Know your audience. 

The differences between player goals have caused a lot of frustration at our table over the years. Some people want to be involved in epic, driven adventures where the plot sweeps along and the various paths to the end are easy to spot but difficult to traverse. Others want more autonomy, the ability to pursue individual character goals and be awesome in a colorful backdrop that changes and reacts to their deeds and actions. The problem with this dichotomy is that it tends to make one style or the other pretty frustrated.

As GMs, we tend to run what we would like to play. Those who prefer story-driven adventures will usually run such a campaign, and get frustrated at the amount of cat-herding they have to do to keep the autonomous players moving along with the story. On the other side of the coin, they have to handle the frustration of the players at getting personal projects and goals, even ones that contribute to the story, sidetracked and disrupted by the ebb and flow of the story.

Those who prefer autonomy, however, might find themselves with a group of confused and unmotivated player characters. Waiting for the story to show up and hesitant to take action on their own for fear of disrupting it when it does arrive. The GM may try to mitigate this with little plothooks, but they could only make things worse if they are not delivered in enough detail. The players will get the idea that there is a story, but it will seem like it’s happening somewhere in the background where they can’t find it.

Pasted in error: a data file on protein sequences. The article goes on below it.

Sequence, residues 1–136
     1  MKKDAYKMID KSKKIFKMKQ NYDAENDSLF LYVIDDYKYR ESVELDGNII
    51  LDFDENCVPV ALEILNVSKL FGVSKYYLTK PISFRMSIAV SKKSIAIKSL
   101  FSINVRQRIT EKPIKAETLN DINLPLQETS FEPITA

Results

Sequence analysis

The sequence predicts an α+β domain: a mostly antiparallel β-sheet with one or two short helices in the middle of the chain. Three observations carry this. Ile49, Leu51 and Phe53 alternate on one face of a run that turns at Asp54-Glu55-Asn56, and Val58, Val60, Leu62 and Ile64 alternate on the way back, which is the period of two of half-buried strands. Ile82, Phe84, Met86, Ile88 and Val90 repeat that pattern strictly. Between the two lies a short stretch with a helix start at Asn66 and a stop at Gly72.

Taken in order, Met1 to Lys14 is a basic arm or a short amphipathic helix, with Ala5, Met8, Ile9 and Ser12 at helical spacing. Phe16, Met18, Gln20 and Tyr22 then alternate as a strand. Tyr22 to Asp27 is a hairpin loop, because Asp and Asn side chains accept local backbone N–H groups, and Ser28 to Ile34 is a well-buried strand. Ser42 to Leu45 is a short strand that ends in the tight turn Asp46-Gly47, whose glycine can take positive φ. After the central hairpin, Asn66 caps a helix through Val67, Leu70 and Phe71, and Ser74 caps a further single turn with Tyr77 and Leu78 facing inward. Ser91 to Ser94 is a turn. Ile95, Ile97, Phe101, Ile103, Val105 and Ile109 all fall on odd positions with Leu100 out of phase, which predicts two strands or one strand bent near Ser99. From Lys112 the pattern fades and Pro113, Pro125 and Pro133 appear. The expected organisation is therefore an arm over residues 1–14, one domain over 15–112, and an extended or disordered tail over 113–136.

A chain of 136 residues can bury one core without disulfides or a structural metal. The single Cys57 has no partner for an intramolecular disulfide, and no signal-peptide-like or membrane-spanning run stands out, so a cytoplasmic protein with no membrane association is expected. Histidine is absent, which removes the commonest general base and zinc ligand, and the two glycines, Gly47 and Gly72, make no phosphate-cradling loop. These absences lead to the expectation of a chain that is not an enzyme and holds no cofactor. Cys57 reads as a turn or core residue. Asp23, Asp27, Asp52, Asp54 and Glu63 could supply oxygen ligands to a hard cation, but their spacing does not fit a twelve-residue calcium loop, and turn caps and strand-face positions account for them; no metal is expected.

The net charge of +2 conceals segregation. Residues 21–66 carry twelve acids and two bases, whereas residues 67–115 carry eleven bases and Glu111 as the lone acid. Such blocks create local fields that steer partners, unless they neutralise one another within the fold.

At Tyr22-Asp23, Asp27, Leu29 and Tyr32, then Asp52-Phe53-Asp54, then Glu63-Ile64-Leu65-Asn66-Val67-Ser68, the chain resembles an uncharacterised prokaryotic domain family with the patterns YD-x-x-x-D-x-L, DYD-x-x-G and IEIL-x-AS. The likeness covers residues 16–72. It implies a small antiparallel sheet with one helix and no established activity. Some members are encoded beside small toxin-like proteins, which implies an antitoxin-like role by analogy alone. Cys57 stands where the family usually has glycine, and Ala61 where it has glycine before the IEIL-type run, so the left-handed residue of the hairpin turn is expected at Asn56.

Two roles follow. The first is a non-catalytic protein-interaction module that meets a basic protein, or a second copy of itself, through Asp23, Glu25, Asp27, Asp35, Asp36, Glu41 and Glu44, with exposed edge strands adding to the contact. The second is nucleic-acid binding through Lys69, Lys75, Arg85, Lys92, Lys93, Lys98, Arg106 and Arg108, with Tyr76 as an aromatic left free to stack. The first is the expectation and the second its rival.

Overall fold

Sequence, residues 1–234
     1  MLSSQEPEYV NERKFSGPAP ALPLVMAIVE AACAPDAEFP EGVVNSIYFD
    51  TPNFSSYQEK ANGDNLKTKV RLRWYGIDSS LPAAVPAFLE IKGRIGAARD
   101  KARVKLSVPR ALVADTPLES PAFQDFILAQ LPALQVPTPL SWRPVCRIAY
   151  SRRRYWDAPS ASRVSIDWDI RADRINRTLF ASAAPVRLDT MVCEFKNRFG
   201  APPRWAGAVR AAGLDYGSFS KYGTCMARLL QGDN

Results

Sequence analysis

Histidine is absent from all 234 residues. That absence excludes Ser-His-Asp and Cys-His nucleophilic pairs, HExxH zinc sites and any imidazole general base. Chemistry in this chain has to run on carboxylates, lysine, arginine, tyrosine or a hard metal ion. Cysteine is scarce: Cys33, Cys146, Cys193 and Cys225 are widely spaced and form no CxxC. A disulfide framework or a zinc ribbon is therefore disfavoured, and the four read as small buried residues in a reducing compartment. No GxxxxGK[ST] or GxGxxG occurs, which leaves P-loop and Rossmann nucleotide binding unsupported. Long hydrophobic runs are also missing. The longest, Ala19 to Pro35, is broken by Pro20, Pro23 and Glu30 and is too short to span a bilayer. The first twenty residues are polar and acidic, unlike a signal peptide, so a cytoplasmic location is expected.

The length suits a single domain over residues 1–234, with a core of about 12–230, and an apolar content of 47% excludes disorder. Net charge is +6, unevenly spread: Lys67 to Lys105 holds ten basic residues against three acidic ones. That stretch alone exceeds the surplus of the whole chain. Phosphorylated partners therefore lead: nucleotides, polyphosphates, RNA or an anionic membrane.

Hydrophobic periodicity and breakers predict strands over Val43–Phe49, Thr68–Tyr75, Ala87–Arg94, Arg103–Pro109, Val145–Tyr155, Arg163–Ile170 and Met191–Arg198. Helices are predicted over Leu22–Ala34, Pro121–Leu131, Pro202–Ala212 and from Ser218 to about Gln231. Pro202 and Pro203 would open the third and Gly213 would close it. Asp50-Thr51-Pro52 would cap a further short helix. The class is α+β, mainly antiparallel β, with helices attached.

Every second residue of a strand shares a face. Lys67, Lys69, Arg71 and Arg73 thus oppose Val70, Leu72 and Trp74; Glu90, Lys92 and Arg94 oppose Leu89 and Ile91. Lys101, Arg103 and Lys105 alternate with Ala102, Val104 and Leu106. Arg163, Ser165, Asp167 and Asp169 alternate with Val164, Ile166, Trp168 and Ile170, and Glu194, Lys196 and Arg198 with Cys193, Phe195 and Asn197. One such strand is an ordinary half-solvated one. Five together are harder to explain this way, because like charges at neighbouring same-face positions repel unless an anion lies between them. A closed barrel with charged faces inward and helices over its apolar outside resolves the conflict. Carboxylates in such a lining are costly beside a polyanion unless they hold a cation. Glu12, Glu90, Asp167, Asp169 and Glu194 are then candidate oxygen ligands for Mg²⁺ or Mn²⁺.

A solution to the problem of running a campaign with a split group is to weave both styles together. Have a strong, driving narrative and clearly established goals for the story, but give the player party a lot of leeway in how they are accomplished and give them the time to do it their way. Furthermore, you can get the individual motivations for the characters, what they would seek to accomplish if left to their own devices, and then make those things critical elements of the plot. It helps move the story along and it helps everyone feel like they are getting to fulfill their character motivations.

Game Density.